Pharmacogenetics (PGx) studies the effect of heritable genetic variation on drug response. Clinical adoption of PGx has remained limited, despite progress in the field. To promote implementation, the Dutch Pharmacogenetics Working Group (DPWG) develops evidence-based guidelines on how to optimize pharmacotherapy based on PGx test results. This guideline describes optimization of atomoxetine therapy based on genetic variation in the CYP2D6 gene. The CYP2D6 enzyme is involved in conversion of atomoxetine into the metabolite 4-hydroxyatomoxetine. With decreasing CYP2D6 enzyme activity, the exposure to atomoxetine and the risk of atomoxetine induced side effects increases. So, for patients with genetically absent CYP2D6 enzyme activity (CYP2D6 poor metabolisers), the DPWG recommends to start with the normal initial dose, bearing in mind that increasing this dose probably will not be required. In case of side effects and/or a late response, the DPWG recommends to reduce the dose and check for sustained effectiveness for both poor metabolisers and patients with genetically reduced CYP2D6 enzyme activity (CYP2D6 intermediate metabolisers). Extra vigilance for ineffectiveness is required in patients with genetically increased CYP2D6 enzyme activity (CYP2D6 ultra-rapid metabolisers). No interaction was found between the CYP2D6 and COMT genes and methylphenidate. In addition, no interaction was found between CYP2D6 and clonidine, confirming the suitability of clonidine as a possible alternative for atomoxetine in variant CYP2D6 metabolisers. The DPWG classifies CYP2D6 genotyping as being "potentially beneficial" for atomoxetine. CYP2D6 testing prior to treatment can be considered on an individual patient basis.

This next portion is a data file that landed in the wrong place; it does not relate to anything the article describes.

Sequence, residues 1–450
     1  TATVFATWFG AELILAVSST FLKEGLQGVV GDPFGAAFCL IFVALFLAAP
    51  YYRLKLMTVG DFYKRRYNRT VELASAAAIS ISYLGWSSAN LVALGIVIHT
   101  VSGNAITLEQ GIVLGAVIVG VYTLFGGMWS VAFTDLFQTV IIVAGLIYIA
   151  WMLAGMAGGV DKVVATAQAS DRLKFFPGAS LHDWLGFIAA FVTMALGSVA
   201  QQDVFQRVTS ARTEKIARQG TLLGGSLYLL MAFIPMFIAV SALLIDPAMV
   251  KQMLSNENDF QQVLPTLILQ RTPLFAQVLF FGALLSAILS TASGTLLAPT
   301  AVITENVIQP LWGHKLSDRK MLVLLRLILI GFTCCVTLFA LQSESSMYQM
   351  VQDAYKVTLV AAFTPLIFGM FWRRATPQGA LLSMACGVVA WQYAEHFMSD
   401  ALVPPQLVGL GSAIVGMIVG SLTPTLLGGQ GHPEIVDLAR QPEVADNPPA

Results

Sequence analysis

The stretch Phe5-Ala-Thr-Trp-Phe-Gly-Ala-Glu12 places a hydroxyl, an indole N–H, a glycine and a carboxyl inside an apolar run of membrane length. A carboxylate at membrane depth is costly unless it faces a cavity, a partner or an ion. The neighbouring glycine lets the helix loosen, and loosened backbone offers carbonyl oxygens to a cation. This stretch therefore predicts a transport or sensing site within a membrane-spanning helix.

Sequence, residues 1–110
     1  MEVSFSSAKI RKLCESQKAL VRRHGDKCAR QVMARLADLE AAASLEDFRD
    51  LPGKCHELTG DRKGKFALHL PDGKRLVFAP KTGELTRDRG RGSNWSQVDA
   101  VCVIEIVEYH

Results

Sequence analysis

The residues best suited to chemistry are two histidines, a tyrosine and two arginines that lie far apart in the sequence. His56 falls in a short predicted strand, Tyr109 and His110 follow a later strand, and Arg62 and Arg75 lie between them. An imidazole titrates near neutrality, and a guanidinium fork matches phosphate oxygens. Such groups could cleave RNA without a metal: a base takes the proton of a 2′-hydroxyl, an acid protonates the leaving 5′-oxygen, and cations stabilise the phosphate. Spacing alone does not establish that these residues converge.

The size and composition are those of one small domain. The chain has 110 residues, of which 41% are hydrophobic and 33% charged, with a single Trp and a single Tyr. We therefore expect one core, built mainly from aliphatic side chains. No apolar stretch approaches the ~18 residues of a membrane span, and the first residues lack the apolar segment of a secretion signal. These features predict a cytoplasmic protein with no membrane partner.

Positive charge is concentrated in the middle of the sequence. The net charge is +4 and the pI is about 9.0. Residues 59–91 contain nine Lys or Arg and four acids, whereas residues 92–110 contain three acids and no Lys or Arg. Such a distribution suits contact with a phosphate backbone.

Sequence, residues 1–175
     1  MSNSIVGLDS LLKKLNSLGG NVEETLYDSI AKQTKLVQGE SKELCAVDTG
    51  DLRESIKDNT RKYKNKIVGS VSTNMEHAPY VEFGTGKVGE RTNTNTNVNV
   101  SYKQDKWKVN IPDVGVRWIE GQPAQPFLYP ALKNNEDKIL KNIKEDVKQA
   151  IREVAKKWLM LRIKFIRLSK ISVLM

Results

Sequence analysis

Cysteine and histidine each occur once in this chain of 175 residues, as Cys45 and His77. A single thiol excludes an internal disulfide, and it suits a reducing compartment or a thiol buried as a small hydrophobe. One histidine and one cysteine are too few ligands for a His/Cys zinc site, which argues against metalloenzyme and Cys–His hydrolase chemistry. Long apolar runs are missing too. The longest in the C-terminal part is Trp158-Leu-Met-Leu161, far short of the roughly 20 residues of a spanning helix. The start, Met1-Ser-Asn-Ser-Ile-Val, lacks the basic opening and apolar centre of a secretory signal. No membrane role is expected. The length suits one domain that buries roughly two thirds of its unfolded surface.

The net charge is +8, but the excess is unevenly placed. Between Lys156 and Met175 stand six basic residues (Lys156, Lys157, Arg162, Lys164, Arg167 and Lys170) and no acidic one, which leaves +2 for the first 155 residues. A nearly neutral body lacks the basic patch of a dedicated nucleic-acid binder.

|Number of pages||7|
|Journal||European Journal of Human Genetics|
|Publication status||E-pub ahead of print - 12 Dec 2022|